By Merit Ibe
One year after the nation was engulfed in a nationwide EndSARS protests with collosal damage to businesses and means of livelihoods, the organised private sector (OPS) equally said the developement has posed a major economic setback for the country. The EndSARS protests, which started as peaceful gathering of Nigerian youths agitating against police brutality and other condemnable social vices, snowballed into nationwide protests, condemnations and anger. The situation compounded the probem by the pandemic and other challenges.
The OPS had called on governments at all levels and commercial banks to set up interest free trust and intervention funds to support businesses affected.
OPS noted that attacks on businesses of its members, private and government establishments had a serious economic impact on the country, which necessitated governments and private interventions to boost businesses.
Applauding the Central Bank of Nigeria (CBN) and the Federal Government for the various initiatives and facilities introduced to help businesses bounce back, the organisation cried out that it’s unfortunate that business owners were still lamenting that most of them were not able to access the facilities meant to support them not even palliatives. They also decried that some production lines shut due to the massive destruction and staff were laid off, which caused a sharp increase in unemployment, adding that the attitude of most business owners towards insuring their businesses was part of the set back.
Chairman, MAN Apapa branch, Frank Onyebu, expressed pain that businesses that were impacted by the EndSARS protests were still grappling with their losses one year after. “I’m not aware that any compensation has been paid to business owners. Thankfully, the Lagos State government has paid compensation to some individuals and I hope the largesse will be extended to companies whose businesses were disrupted, vandalised or destroyed as a result of the events associated with the protests.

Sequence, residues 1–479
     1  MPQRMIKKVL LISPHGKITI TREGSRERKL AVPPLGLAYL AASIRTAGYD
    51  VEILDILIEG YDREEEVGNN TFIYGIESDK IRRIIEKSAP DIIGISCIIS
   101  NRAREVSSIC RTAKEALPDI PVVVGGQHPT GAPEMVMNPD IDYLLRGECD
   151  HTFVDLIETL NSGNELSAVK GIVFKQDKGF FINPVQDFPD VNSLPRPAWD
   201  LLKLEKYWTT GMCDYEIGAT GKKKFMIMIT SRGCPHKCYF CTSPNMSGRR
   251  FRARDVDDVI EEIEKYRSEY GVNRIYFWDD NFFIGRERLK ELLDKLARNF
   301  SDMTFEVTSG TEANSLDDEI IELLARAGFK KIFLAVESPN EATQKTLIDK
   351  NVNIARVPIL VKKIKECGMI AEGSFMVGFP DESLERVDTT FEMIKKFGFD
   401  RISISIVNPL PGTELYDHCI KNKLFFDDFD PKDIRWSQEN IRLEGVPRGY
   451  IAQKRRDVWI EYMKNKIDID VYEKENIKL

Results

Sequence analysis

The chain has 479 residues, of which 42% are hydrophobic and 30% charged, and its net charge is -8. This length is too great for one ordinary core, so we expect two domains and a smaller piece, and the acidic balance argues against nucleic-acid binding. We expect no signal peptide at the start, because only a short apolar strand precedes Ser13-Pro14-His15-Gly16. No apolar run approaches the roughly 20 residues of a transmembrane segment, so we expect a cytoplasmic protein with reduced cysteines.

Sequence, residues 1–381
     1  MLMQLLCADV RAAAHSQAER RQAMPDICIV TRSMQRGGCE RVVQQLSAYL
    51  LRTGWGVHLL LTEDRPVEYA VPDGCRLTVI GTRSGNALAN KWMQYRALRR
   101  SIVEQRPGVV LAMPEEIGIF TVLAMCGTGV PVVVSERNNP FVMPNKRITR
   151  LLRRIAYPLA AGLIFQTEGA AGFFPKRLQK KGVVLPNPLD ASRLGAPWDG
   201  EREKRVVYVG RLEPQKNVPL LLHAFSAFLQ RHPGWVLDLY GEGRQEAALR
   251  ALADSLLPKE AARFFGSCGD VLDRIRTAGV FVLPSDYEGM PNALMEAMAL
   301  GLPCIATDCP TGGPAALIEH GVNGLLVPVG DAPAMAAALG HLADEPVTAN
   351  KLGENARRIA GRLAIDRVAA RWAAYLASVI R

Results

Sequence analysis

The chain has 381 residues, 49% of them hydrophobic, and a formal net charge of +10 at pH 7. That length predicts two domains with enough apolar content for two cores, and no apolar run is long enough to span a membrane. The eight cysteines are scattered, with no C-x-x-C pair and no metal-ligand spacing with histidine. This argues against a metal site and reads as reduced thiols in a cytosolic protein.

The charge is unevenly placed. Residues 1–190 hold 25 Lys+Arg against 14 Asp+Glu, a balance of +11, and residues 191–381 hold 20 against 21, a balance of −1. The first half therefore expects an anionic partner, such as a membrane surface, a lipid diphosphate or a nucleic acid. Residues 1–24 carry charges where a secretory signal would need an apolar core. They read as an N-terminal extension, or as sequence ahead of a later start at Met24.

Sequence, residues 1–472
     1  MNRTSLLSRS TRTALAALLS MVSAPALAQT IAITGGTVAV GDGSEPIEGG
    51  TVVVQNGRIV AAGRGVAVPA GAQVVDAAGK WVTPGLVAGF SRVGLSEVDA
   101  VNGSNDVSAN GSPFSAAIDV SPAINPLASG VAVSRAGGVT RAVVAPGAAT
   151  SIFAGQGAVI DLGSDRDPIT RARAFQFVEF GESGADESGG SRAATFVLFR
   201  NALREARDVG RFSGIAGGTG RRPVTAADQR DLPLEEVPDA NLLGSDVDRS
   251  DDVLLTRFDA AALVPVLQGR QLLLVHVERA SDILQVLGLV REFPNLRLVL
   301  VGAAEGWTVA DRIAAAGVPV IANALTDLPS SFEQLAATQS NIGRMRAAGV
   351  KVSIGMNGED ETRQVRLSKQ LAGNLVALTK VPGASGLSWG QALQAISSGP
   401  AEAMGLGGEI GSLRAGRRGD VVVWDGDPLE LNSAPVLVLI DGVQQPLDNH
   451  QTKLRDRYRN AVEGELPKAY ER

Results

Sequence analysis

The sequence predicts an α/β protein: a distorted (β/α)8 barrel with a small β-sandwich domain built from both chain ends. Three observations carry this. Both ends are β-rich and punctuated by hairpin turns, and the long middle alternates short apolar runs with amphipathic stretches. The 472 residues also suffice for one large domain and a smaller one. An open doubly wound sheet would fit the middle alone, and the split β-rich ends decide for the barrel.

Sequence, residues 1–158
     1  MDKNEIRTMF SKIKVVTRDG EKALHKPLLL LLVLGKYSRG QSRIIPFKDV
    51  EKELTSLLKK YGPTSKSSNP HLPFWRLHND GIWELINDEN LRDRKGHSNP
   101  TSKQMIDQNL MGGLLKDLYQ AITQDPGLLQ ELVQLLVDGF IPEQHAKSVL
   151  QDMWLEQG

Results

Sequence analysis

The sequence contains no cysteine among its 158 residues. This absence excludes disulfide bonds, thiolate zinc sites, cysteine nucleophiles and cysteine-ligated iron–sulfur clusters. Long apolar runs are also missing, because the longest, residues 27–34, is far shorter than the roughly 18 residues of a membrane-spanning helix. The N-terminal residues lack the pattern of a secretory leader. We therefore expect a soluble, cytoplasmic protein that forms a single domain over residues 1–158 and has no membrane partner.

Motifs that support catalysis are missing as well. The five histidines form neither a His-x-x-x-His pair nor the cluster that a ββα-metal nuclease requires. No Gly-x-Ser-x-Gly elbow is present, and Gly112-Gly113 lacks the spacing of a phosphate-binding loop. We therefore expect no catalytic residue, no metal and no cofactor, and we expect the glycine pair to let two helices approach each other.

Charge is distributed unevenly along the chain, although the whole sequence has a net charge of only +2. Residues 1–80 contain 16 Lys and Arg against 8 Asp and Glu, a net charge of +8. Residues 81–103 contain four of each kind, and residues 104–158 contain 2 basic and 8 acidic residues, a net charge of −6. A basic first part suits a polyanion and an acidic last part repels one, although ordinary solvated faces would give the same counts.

“Entrepreneurs are becoming an endangered specie in Nigeria. Most businesses are struggling, with several on the verge of collapse. I’m therefore appealing to the government to come to the aid of business owners, who were impacted by the protests.
On the issue of insurance, which made the recovery of some businesses slow, he believes most manufacturers insure their businesses to a certain extent, which depends on the size of the company. Usually the bigger the firm, the more likely it is to fully insure its processes.
Factors responsible for companies refusing to insure their businesses, he said include distrust and ignorance.
Executive Secretary of the National Association of Small and Medium Enterprises (NASME), Eke Ubiji, bemoaned the state of most members, saying the funds needed to boost their businesses were not accessed. “Accessing credits now from banks to run businesses is quite difficult.
“Small business under NASME are yet to access the funds. The whole thing is sounding like a propaganda. Something has to be done to save the situation.”
On insurance, Ubiji said it was unfortunate that most business owners neglect the importance of insuring their businesses, which worsened the state of things and slowed their recovery.
“If they had insured their businesses, the burden would have been far less than it is now,” lamenting that most business owners treat insurance with levity in this part of the clime. “I think they must have learnt their lessons.”
He noted that some business owners were of the impression that insuring businesses was a waste of resources, as the insurance companies don’t come to their rescue when they really need them, adding that the assumption was wrong. “They cannot brand all insurers as being the same.
He noted that it was a blunder not to insure ones property or business, urging businesses and insurers not to wait until a situation like the sudden destruction.
He commended the CBN and banks for the intervention at the period, but lamented that most of its members complained of not having access to the funds promised.